The outbreak of the coronavirus has dealt a shock to the global economy with unprecedented speed. Following are developments Monday related to national and global response, the work place and the spread of the virus.
DAY AFTER: States are trying to figure out the safest way to restart their economies despite conflicting guidance out from Washington. The same goes for companies.
— As Apple begins opening stores in the U.S., it will be checking the temperatures of everyone before they can enter and handing out masks to any customer who isn’t wearing one. Like other retailers, Apple will be limiting the number of people inside and doing deep cleanings throughout the day.
The iPhone maker reopened five U.S. stores last week in Idaho, Alabama, South Carolina and Alaska. Another 27 stores will be reopening in California, Washington state, Florida, Colorado, Hawaii, Oklahoma and Arkansas. The stores in California and Washington initially will only offer curbside and storefront service.
Apple so far has reopened about 100 stores worldwide, roughly one-fifth of its brick-and-mortar outlets.
— The Children’s Place plans to reopen stores in 10 states: Alabama, Arkansas, Idaho, Mississippi, Montana, Nebraska, North Dakota, Oklahoma, South Dakota, and Utah. More than 40% of U.S. stores are in areas where they are unauthorized to open again.
TRAVEL & LEISURE: Tourist destinations are beginning to release reopening dates, but there will be new rules in place governing activities and the number of people allowed.
— The Florida Keys will reopen to tourists on June 1, more than two months after the island chain put up check points to limit outsiders. Those will be removed next month, according to Monroe County Emergency Management. Hotels and other lodging establishments will be allowed to reopen at 50% occupancy.
— New Hampshire restaurants were allowed to begin serving customers for outdoor dining on Monday.
— Delta Air Lines plans to restart several domestic and international routes in June, including service to China if Beijing approves. The airline plans to add some flights next month in Atlanta and New York and resume some international routes.
— Allegiant Air said April traffic tumbled 97% and empty seats quadrupled compared with a year earlier. Allegiant is a budget airline that flies people from smaller cities to vacation destinations like Las Vegas, where many of the major attractions were closed to limit spread of the coronavirus.
— Ryanair is cutting around 3,000 jobs and is looking at pulling out of a number of airports in Europe. The budget Irish carrier cut the number of passengers it expects to fly this year from 154 million, too 100 million last week. It cut that again Monday to about 80 million.
— Finland's national airline, a major carrier between the European Union and China, is adding flights and routes, with long-haul routes beginning in July. Finnair will start in phases, with a strong focus on Asia.
GOVERNMENTS & CENTRAL BANKS: Dozens of economies are either heading for a recession, or area already there. On Monday, that designation become official in Japan. Countries are trying to general economic activity with new parameters.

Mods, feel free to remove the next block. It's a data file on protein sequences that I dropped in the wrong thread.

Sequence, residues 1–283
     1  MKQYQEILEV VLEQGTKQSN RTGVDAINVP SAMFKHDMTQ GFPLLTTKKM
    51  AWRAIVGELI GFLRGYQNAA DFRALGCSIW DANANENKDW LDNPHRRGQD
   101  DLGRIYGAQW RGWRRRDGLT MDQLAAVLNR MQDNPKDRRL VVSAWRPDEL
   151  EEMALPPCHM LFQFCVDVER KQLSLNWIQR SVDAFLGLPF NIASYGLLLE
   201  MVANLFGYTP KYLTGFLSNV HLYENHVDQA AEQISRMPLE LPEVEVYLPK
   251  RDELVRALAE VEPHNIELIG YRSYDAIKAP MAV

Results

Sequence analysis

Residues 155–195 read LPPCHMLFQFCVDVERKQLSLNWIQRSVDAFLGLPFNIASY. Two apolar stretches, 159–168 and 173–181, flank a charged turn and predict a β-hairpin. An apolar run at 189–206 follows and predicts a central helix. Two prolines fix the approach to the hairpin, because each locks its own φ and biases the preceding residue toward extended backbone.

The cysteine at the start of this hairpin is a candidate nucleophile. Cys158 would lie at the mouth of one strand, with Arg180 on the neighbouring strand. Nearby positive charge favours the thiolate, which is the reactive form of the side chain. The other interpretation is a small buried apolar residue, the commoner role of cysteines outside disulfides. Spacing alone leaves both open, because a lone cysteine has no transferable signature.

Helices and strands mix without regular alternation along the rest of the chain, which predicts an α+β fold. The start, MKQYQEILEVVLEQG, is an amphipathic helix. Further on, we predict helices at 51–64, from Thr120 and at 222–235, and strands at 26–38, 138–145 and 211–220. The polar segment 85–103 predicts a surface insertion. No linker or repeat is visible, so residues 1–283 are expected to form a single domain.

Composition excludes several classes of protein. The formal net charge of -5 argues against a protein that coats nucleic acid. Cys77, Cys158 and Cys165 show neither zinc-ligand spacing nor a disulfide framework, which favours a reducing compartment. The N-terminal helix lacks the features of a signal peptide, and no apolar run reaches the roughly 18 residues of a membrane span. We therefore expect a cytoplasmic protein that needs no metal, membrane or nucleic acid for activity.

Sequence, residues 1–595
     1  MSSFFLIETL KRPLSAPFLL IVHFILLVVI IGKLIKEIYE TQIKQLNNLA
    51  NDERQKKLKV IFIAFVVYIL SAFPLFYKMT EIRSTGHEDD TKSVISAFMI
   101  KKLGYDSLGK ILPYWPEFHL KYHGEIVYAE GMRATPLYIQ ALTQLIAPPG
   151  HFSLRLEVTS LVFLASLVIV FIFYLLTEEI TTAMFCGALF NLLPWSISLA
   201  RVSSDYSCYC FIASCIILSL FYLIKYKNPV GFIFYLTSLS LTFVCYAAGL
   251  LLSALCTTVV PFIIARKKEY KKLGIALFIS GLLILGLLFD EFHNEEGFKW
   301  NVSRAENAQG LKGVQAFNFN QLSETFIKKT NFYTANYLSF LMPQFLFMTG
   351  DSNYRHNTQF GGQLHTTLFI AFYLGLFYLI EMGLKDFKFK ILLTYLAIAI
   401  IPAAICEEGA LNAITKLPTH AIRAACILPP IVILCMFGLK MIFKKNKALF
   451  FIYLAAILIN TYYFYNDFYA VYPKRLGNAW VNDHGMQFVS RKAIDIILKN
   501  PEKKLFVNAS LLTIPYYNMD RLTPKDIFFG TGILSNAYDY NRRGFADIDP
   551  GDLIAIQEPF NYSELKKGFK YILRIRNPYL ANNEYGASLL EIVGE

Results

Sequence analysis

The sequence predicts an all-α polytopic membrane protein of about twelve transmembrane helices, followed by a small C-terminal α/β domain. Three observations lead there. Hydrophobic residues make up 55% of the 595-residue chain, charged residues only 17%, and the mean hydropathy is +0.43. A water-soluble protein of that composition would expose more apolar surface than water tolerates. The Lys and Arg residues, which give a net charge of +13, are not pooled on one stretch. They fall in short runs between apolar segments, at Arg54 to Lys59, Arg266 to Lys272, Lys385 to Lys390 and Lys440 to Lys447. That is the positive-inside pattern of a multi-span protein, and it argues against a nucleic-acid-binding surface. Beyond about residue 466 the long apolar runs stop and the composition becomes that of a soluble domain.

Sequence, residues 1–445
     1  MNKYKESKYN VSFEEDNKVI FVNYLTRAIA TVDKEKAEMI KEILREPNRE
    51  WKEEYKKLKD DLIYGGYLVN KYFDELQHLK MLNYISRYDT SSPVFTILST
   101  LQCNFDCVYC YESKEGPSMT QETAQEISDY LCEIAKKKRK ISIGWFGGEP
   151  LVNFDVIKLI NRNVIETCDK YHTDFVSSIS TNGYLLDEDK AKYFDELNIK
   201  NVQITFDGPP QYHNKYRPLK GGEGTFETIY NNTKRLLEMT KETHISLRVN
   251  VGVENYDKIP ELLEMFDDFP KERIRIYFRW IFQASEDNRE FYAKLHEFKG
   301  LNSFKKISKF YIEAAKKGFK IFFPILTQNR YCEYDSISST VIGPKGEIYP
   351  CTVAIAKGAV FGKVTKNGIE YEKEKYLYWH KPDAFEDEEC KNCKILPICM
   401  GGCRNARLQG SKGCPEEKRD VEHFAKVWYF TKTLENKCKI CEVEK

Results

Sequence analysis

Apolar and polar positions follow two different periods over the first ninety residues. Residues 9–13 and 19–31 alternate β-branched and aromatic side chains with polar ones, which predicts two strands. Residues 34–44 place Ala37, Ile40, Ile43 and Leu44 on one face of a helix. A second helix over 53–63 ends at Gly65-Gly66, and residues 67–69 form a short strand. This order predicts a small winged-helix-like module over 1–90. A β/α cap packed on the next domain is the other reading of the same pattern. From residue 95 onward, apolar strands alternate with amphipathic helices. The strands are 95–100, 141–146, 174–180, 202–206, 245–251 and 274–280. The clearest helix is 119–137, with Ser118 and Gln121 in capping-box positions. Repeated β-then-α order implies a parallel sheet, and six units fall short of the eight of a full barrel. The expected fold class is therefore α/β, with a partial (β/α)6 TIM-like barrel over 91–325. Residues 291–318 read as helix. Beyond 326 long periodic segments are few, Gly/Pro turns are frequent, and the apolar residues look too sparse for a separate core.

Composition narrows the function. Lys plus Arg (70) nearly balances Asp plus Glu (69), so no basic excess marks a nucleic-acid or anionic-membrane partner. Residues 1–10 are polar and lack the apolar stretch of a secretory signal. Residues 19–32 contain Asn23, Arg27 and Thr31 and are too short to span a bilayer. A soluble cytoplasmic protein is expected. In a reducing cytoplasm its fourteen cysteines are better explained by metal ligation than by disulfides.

— Greece reopened the Acropolis in Athens and other ancient sites Monday, along with high schools, shopping malls, and leisure travel. There is some urgency. The EU Commission warned that Greece is likely to suffer the worst recession in the EU bloc this year.
— Ireland is taking its first steps out of lockdown, with some stores reopening and outdoor work resuming. Garden centers, hardware stores and opticians are among the businesses being allowed to open Monday.
— Kazakhstan and Azerbaijan eased lockdown restrictions Monday. In Kazakhstan’s capital, some mosques, markets cafes and restaurants reopened Monday. In Azerbaijan, cafes and restaurants reopened in the capital, Baku, and four others cities.
— Thousands of people in Bosnia who lost their jobs over the past two months have been blocked by cumbersome and lengthy application procedures from accessing unemployment benefits they had been promised by the government. According to incomplete official statistics, over 30,000 people have lost their jobs in Bosnia since March.
MARKETS: After suffering the sharpest sell-off since mid-March, when the virus spread rapidly in the U.S., Wall Street and global markets appear to be bouncing back.
— Stocks closed sharply higher on Wall Street Monday, extending a global rally amid optimism about a potential vaccine for the coronavirus and hopes for a U.S. economic recovery in the second half of the year.
HOPE RALLY: Shares of the pharmaceutical company Moderna surged 20% after it said that early data from testing of its coronavirus vaccine shows that it helped create immune responses that might help prevent against infection. The company also deemed the vaccine “generally safe and well tolerated" by the individuals who took it.
IRS HELP: The IRS said Monday that it is adding 3,500 telephone representatives to answer some of taxpayer’s questions about economic impact payments. The bulk of the estimated 150 million payments have been sent but some questions remain.
Separately, the Treasury and IRS began to send nearly 4 million of the relief payments by prepaid debit card, instead of paper check. The free, prepaid cards are being distributed to those without bank information on file with the IRS.